The Opioid Epidemic Is The New Political Hot-Button Issue

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The Opioid Epidemic Is The New Political Hot-Button Issue

By Zachary Siegel 06/30/16

Politicians have taken on the opioid epidemic to get elected but can the politicization of the crisis bring about a much-needed resolution?

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The Opioid Epidemic Is The New Political Hot-Button Issue

Over the last few years, the misuse of opioids, including heroin, has gained bipartisan political consensus. That is, to move away from crime and punishment and toward treatment and prevention. But lawmakers up for reelection are politicizing the issue, tugging on the heartstrings of voters over matters of life and death. 

A recent report by Washington Post political correspondent Katie Zezima outlines how politicians are seizing the issue in an overtly political way. In Ohio, for instance, a state with a particularly high death toll, Zezima explains how the opioid epidemic “has sparked a political fight.” 

“Many congressional campaigns are trying to walk a fine line: touting efforts to fight the epidemic while attempting not to politicize an issue of life and death,” she wrote. “But here in Ohio’s hotly contested race, politics have sneaked in.” In the Buckeye State, Republican Sen. Rob Portman and his opponent, Democratic former Gov. Ted Strickland, are duking it out over who has the better plan to tackle the epidemic. 

Gov. Strickland has Portman’s public health record in his crosshairs. Last year, Sen. Portman lobbied to fund a $1.1 trillion omnibus spending bill but then voted against it in the Senate, Strickland pointed out. 

Portman responded, “To make it political, I think, is a mistake on [Strickland’s] part, because he’s had a lousy record on the same area. I don’t know why he’d want to get into that back-and-forth.”

Yet back and forth they go, on an issue many agree needn’t be in the political sphere given that it’s a matter of public health affecting a wide range of demographics. Both sides agree something needs to be done, and now they’re fighting over who can do it better.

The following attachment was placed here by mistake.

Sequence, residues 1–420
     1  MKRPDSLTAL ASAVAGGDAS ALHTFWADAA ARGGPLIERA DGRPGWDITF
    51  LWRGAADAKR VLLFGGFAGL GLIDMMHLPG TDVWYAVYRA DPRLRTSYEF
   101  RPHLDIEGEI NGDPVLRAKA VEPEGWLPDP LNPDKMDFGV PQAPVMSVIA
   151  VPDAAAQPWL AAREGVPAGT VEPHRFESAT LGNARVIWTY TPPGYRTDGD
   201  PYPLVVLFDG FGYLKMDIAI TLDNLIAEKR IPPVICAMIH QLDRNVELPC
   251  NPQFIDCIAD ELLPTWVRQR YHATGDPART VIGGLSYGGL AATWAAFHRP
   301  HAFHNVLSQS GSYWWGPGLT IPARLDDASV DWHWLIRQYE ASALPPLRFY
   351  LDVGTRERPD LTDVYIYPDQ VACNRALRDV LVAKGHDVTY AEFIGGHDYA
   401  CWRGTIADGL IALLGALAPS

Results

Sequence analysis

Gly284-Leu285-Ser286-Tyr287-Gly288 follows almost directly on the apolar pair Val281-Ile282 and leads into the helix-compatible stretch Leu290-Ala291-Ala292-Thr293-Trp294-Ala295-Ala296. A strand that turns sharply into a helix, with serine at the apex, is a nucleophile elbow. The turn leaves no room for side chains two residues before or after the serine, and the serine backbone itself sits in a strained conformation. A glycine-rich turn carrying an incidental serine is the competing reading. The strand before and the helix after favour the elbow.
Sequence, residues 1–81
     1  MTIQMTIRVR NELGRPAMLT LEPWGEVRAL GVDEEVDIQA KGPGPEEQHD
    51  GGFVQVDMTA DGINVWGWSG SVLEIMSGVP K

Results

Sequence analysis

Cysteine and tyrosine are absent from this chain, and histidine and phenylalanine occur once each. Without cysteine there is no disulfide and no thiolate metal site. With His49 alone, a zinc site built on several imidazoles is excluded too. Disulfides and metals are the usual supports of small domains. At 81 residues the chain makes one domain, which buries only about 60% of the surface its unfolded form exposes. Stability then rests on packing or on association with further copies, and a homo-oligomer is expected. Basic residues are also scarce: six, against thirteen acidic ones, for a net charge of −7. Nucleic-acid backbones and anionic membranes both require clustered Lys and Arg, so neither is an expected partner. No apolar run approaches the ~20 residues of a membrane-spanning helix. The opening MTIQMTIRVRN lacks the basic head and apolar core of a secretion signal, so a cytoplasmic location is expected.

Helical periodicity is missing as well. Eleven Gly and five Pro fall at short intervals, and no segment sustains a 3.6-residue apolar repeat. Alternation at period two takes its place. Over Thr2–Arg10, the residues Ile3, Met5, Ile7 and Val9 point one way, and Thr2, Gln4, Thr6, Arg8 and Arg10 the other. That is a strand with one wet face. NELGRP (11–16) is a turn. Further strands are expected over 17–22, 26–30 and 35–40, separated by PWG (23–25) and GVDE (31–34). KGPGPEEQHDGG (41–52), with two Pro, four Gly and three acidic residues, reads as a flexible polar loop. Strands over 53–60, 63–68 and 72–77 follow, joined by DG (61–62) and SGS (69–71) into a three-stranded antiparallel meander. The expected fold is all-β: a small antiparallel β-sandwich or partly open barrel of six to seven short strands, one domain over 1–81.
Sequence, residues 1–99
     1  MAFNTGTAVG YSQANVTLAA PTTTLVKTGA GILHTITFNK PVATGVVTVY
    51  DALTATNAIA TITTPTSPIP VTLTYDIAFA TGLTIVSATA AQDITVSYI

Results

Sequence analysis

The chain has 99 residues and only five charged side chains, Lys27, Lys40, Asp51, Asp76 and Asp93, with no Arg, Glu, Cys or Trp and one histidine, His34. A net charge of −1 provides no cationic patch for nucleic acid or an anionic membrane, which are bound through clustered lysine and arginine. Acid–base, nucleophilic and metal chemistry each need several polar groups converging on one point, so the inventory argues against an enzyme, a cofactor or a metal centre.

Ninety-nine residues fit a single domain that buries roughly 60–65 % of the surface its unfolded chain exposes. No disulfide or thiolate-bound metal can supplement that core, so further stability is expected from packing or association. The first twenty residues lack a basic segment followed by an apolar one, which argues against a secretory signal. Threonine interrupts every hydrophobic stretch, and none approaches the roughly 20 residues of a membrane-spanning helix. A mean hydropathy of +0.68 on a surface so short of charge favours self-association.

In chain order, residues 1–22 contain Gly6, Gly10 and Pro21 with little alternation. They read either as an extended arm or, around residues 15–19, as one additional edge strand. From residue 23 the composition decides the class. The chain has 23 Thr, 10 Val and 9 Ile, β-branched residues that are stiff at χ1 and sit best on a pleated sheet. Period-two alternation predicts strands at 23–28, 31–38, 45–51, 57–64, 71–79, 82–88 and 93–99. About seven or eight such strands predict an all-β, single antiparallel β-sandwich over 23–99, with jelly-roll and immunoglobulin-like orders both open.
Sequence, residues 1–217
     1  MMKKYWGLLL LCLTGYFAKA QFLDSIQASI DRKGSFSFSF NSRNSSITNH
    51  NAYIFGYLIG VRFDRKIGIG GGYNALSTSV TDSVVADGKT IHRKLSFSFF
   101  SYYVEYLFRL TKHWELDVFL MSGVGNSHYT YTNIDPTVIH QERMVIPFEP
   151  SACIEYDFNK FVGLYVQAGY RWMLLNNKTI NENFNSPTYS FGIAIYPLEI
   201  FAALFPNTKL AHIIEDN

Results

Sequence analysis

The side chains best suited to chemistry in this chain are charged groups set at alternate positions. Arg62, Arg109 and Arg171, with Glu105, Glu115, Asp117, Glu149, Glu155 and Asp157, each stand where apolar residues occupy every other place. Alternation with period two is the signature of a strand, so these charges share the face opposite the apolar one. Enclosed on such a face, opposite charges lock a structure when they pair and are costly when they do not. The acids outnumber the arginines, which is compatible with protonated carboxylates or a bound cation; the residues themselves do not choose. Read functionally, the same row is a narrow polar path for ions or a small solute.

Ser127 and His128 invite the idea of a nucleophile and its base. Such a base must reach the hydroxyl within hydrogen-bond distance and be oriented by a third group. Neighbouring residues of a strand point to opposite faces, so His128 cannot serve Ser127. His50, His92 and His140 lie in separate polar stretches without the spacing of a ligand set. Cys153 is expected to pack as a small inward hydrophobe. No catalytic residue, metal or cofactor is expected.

Zezima spotlights another tight Senate race, this one in New Hampshire, where the opiate crisis became a popular issue during the presidential primaries. Republican Sen. Kelly Ayotte and Democratic Gov. Maggie Hassan are trying to demonstrate who has the best tactics for curbing a startling mortality rate. 

Hassan cited the opioid epidemic as a reason why she pushed for Medicaid expansion. A conservative super PAC that calls itself One Nation then released attack ads hitting Hassan’s record on drugs. Ayotte soon took to Twitter, calling for the group to take down the ad. 

The politicization of opioids goes even deeper than Senate races. A newly founded non-profit that calls itself Advocates for Opioid Recovery enlisted three political heavyweights as their leadership: Republican Newt Gingrich, and Democrats Patrick Kennedy and Van Jones. The bipartisan trio co-authored a recent piece for Time with the headline, “Treat America’s Opioid Epidemic With Medication.” 

“The urgency of the opioid crisis demands that we act immediately to remove the barriers to recovery medication, and give people living with addiction the treatment they need to survive and ultimately thrive in long-term recovery,” they write. 

Advocates have long been clamoring for new policies that protect instead of punish. In the current political climate, Democrats and Republicans are trying outdo one another on who can best deliver the appropriate change.  

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Zachary Siegel is a freelance journalist specializing in science, health and drug policy. His reporting has also appeared in Slate, The Daily Beast, Salon, Huffington Post, among others. He writes often about addiction, sometimes drawing from his own experience.

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